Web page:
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What is Equity? Equity is a term used in accounting, in real estate and home-ownership, in investing, as well as in startup financing and valuation. The meaning of the term equity is very similar in the various areas where it is used, so it will be good to review all four of these to get the best understanding.
In accounting, equity is a term that you will find on the balance sheet. What you own is on the left: assets. What you owe is on the right: liabilities and equity. Equity is the book value of the shareholder capital. The accounting equation tells you that assets equal liabilities plus equity. That also means that equity equals assets minus liabilities.
Equity on a balance sheet goes up when a company is profitable: the net income for the year gets added to equity through retained earnings. Equity on a balance sheet goes down when the company is loss-making (losses “eat up” the equity), or when the company pays a dividend to its shareholders.
Equity in home-ownership works very similar to equity on the balance sheet. What we own is on the left: the house worth $500.000. What we owe is on the right: $400.000 of mortgage loan from the bank, and the owner of the house, Jim, has $100.000 of equity in the house. Equity in home-ownership is what a home is worth minus how much you owe to the bank.
Just like equity on the balance sheet of a company can go up or down, the equity that you have in your home can go up or down. If Jim is paying down the mortgage on his house by $50.000, then the amount of the loan outstanding will decrease and his equity in the house will increase. If the market value of the house increases, then Jim’s equity in the house will increase. Remember that equity is what a home is worth minus how much you owe to the bank. If the market value of the house decreases, then Jim’s equity in the house will decrease, or even become negative. Jim will need to have a conversation with the bank to make a remediation plan to get back to positive equity, or in the worst case scenario Jim might lose the ownership of the house and the bank will need to take a partial write-off of its outstanding loan.
Investing in equity. Remember the example of the small manufacturing business that owned a machine, had a loan from a bank, and equity from one shareholder. What if we make that a big manufacturing business that owns lots of machines at different sites totaling $1 billion, has many loans outstanding totaling $800 million that are publicly traded in the bond market, and has many different shareholders as the certificates of ownership, the equity, is traded publicly as well. As an investor, you have the choice of buying bonds (which would have a predetermined interest rate, and has the machines as collateral), or the choice of buying stocks (which are perceived as having more downside risk as well as more upside potential). Invest in debt, or invest in equity.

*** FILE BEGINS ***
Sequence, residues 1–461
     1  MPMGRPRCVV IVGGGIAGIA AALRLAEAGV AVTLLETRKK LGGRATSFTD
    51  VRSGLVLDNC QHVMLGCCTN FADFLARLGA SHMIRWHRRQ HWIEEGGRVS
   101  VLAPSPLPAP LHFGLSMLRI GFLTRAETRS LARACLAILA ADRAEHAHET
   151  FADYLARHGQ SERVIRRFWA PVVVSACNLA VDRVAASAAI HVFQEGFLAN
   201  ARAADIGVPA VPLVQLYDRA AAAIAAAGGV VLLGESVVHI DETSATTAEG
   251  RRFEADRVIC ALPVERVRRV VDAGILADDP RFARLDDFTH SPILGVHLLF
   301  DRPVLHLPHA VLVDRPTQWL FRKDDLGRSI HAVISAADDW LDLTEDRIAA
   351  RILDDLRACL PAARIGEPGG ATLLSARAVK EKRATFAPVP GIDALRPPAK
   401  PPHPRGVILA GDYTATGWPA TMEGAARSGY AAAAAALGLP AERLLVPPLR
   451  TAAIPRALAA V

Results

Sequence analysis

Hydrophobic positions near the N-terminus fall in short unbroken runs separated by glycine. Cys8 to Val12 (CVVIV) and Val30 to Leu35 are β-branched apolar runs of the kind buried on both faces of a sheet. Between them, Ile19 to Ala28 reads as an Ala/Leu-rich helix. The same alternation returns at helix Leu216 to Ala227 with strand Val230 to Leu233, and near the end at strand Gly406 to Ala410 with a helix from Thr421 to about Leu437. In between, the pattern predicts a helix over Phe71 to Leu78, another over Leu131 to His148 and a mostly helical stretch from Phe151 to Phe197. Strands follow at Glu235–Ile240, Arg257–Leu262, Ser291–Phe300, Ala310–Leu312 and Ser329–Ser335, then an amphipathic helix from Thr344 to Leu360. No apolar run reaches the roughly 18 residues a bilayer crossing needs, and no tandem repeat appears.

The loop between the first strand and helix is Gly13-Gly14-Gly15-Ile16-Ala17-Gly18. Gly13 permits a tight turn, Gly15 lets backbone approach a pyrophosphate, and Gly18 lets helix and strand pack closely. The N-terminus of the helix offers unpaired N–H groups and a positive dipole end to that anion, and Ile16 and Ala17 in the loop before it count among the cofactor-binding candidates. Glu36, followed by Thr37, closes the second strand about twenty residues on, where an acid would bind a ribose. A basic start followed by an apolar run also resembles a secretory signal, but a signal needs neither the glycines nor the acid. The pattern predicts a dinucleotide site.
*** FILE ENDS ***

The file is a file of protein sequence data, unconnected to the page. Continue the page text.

Equity in a startup company. How do you put a “price” on what is essentially so far just an idea, that still has to be developed and will find many ups and downs along the way? The company does not have any assets, liabilities and equity yet. The financing and valuation depend on the estimate of the revenue, profit and cash flow that the business idea might bring in the future. A good way to learn about startup companies in the tech field is the comedy series “Silicon Valley”. What happens if the app you are developing turns out to have a great compression algorithm, you are courted by investors ready to fund you, and your friends and roommates suddenly become your employees while you become the CEO? In season one of “Silicon Valley”, landlord/incubator Erlich Bachman has 10% of the shares in startup company Pied Piper, eccentric billionaire Peter Gregory buys 5% for $200.000, and the three employees Gilfoyle, Dinesh and Jared get 3% each in what someday might be a multi-billion $ company. By my math, that sets the CEO Richard Hendricks up with 76% of the shares in the company. In subsequent seasons of the comedy series, Pied Piper goes through various rounds of financing, as well as acquisitions and other ownership changes.
Having equity can be a great thing. Equity has potential risks as well as potential rewards. The term equity is used in accounting, in home-ownership, in investing, and in start-up financing and valuation. Probably the easiest metaphor to remember is equity in home-ownership: what a home is worth minus how much you owe to the bank.
Philip de Vroe (The Finance Storyteller) aims to make strategy, #finance and leadership enjoyable and easier to understand. Learn the business and accounting vocabulary to join the conversation with your CEO at your company. Understand how financial statements work in order to make better #investing decisions. Philip delivers #financetraining in various formats: YouTube videos, classroom sessions, webinars, and business simulations. Connect with me through Linked In!